And Moses said to them, "Behold the blood of the covenant that the Lord has made with you by all these words." Jesus would say similar words to His followers the night before He was crucified. During the Passover dinner, at the table, He took the bread, blessed it and broke it and said, "Take eat. This is My body." Then He took a cup and when He had given thanks, He gave it to them saying, "Drink of it, all of you, because this is My blood of the covenant, which is poured out for many, for the forgiveness of sins." It was a meal that was more than just a meal. It is the meal that gives meaning to every other meal that we share: the ongoing meal that for 20 centuries has been at the center of Jesus' followers, even still today. It's the meal in which God promises to be our Father. The meal in which God's Son gives Himself to forgive us. It's the meal by which He marks us, and binds us with His own blood and body to be His covenant family.
In this meal, through faith the Holy Spirit gives us life—life that not even death can split up. Then and only then does every other meal become what God intends it to be. See, we don't just need more frequent family dinners; we need tables in every household graced by Jesus. Where every person can come, even with their doubts, and at least hear an echo of the invitation to God's table. And we, His children, learn to model His long-suffering manner.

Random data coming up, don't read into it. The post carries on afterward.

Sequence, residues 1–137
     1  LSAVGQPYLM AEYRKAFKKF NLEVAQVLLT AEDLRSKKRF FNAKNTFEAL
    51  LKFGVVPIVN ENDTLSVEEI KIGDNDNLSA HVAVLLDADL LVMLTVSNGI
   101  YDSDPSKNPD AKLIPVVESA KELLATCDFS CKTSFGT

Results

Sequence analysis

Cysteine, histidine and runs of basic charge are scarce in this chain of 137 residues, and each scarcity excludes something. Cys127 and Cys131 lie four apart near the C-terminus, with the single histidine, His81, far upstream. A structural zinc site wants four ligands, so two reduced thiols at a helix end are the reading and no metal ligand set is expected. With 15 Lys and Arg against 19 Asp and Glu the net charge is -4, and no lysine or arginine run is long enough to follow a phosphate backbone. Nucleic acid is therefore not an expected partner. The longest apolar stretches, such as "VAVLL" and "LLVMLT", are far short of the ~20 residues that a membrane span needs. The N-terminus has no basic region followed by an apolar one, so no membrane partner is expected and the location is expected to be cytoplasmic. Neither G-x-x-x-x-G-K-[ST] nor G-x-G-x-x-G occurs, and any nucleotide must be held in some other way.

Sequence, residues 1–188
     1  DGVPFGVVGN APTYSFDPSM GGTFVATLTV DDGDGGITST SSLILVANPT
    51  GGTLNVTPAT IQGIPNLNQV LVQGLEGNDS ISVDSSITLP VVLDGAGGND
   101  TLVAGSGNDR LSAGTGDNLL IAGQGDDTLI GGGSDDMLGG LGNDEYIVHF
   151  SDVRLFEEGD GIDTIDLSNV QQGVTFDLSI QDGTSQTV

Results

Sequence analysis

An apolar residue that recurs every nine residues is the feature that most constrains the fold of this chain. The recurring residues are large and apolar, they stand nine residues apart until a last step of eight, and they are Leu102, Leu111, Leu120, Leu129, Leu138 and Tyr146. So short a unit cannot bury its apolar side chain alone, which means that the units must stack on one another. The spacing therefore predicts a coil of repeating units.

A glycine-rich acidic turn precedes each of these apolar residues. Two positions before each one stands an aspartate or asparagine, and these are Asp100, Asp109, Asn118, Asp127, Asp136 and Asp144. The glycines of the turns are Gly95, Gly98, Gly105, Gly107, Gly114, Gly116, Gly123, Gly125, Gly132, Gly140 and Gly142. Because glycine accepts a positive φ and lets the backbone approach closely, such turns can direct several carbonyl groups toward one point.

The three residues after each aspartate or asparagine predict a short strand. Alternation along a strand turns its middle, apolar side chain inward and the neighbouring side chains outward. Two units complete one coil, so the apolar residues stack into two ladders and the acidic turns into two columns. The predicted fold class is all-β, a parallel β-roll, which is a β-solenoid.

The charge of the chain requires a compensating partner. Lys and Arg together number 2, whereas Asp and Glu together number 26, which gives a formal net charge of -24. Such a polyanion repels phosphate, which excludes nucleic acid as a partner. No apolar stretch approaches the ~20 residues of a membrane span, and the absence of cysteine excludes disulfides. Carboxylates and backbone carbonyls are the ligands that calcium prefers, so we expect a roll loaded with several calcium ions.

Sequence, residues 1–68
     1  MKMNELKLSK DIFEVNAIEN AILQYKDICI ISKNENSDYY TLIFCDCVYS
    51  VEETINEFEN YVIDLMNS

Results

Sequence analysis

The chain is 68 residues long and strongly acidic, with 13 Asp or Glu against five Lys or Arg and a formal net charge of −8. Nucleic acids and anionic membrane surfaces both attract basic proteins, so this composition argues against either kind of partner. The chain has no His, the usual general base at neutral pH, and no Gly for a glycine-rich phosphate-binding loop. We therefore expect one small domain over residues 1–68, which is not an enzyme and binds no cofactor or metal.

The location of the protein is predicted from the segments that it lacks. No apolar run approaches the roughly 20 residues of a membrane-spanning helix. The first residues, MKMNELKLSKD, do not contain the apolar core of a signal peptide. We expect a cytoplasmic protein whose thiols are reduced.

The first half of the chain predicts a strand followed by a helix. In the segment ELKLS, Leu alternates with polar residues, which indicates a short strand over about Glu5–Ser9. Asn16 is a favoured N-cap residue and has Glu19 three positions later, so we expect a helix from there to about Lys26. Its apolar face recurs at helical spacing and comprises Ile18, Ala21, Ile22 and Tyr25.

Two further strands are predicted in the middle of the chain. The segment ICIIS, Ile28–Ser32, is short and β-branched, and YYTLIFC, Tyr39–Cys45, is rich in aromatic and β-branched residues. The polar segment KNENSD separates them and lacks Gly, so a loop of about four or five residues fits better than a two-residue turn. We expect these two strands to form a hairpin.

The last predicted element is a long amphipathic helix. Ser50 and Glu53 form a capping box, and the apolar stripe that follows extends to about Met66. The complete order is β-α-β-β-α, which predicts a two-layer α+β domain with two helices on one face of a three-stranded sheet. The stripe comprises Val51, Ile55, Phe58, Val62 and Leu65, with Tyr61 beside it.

"Lamentations of the Father," chapter three. "Cast your countenance upward to the light and lift up your eyes to the hills, that I may more easily wash you off, for the stains are upon you, my dear child. Even to the very back of your head, there is rice thereon, and in the breast pocket of your garment, and upon the tie of your shoe, rice and other fragments are distributed in a manner wonderful to see. Only hold yourself still. Hold still, I say. What I do is as it must be, and you shall not go hence until I have done it." In the Name of Jesus. Amen.
Reflections for February 19, 2023
Title: Table Manners
Mark Eischer: You're listening to The Lutheran Hour. For FREE online resources, archived audio, our mobile app, and more, go to lutheranhour.org. And we're back with Dr. Mike Zeigler.
Mike Zeigler: Hey, Mark!
Mark Eischer: You talked about Moses sacrificing the oxen and sprinkling the people with its blood. Many nowadays would find this idea of blood sacrifice to be revolting and primitive, but doesn't the Bible say without the shedding of blood, there is no forgiveness of sins?